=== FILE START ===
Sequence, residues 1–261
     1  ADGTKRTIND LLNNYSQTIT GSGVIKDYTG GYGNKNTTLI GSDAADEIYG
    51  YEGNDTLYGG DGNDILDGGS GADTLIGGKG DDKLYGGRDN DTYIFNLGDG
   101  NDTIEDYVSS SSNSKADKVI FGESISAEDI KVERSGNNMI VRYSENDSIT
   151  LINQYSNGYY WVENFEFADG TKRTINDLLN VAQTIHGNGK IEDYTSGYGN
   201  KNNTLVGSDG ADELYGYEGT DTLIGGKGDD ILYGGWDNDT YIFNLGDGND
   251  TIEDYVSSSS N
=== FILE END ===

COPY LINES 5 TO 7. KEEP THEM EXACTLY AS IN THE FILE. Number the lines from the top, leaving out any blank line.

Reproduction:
   151  LINQYSNGYY WVENFEFADG TKRTINDLLN VAQTIHGNGK IEDYTSGYGN
   201  KNNTLVGSDG ADELYGYEGT DTLIGGKGDD ILYGGWDNDT YIFNLGDGND
   251  TIEDYVSSSS N